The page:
IUCN threat status:

Least Concern (LC)

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Leptodactylus grieseigularis is a leptodactylid frog that inhabits tropical lowland and montane forests on the east side of the Andes in southern Bolivia and northern Peru, up to altitude of 1,800 m.  While not a common frog, it has a fairly wide distribution and is present in multiple protected areas, including Madidi and Carrasco in Brazil, and is not considered to be a threatened species.  The etymology of its name reflect its grey (Latin: griseus) throat (Latin: gula; de Sá et al. 2014).

Leptodactylus grieseigularis is medium in size, with males reaching 51 mm (2 inches) and females larger at sizes up to 58 mm (2.3 inches) in snout vent length.  This species can be found sympatrically with several other Leptodactylus species: the larger L. boliviana, and L. wagnerii, the smaller L. pascoensis and L. petersoni, and L. leptodactyloides with which it is most likely to be confused (Heyer 1994).  Before 1994 L. grieseigularis was considered a synonym of L. wagneri (Heyer 1984; 1994).  Molecular analyses help to establish it as part of the L. melanonotus group (de Sá et al. 2014).  Its lightly mottled belly pattern and light stripes on the thighs are distinguishing characteristics, and almost all males have large black thumb spines.  Its advertisement call is also distinguishing, Heyer and Morales (1995) note it is the shortest call of all species in the genus. Heyer and Morales (1995; see also de Sá et al. 2014; Köhler 2000) described and compared its call to closely related L. leptodactyloides and L. petersii, finding all three calls very distinct.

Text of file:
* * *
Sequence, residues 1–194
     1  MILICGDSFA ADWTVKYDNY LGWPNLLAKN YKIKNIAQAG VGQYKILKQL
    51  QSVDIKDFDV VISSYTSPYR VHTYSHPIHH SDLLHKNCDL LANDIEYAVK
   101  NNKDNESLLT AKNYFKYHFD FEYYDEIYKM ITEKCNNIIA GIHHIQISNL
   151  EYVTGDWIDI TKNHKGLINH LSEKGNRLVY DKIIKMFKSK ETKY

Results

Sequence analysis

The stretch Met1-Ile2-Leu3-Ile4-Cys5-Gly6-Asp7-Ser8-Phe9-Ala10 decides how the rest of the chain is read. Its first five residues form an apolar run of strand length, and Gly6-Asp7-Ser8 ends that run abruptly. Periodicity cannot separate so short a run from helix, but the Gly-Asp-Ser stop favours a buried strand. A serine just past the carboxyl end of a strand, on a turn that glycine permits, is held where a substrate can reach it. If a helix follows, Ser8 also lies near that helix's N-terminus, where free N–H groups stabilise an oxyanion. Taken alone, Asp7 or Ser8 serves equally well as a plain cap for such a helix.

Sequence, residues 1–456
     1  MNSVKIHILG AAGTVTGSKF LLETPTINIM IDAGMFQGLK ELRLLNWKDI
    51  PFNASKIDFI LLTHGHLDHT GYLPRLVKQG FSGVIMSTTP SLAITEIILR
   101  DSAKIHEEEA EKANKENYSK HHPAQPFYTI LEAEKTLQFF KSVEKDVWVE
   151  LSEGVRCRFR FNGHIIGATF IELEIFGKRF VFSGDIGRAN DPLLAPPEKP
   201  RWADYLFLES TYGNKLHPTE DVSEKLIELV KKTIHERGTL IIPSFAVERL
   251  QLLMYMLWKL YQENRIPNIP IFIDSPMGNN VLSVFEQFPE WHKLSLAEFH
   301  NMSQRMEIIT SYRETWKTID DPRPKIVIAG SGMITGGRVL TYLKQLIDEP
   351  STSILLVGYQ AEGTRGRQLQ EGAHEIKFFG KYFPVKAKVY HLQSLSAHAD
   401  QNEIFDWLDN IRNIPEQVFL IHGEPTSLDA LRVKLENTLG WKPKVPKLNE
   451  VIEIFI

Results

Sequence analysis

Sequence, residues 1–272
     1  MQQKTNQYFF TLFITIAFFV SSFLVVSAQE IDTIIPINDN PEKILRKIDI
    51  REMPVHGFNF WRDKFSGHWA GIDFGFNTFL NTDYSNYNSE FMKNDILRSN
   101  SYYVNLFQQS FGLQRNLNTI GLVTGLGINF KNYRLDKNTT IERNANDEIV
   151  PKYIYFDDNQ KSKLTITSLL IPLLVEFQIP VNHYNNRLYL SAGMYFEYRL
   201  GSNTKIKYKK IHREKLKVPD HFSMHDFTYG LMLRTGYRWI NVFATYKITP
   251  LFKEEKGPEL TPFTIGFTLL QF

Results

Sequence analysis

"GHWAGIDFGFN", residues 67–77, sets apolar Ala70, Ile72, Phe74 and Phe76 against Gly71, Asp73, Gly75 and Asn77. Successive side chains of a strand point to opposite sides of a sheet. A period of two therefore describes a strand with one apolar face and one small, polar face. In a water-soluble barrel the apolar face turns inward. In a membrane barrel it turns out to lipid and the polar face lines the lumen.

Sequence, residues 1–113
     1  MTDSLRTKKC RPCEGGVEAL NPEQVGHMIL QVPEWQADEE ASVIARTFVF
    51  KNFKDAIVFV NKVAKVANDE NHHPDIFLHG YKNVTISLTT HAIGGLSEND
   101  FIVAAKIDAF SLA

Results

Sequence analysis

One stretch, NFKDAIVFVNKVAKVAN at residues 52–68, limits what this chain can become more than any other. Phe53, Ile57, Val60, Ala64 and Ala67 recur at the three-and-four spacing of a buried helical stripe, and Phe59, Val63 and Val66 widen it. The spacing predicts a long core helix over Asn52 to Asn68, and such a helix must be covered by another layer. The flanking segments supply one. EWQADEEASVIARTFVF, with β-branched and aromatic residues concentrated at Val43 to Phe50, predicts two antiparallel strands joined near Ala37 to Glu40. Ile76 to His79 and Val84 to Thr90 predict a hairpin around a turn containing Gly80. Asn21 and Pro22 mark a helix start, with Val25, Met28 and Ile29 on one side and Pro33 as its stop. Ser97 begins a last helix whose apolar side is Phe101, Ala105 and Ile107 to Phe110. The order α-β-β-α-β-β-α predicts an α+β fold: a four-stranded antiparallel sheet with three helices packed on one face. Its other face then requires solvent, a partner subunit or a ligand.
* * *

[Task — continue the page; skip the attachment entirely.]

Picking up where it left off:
Like other leptodactilid frogs, L. grieseigularis lays eggs into a foam nest.  It breeds in stagnant water but larval stages are as yet unknown (Köhler 2000; de Sá et al. 2014).

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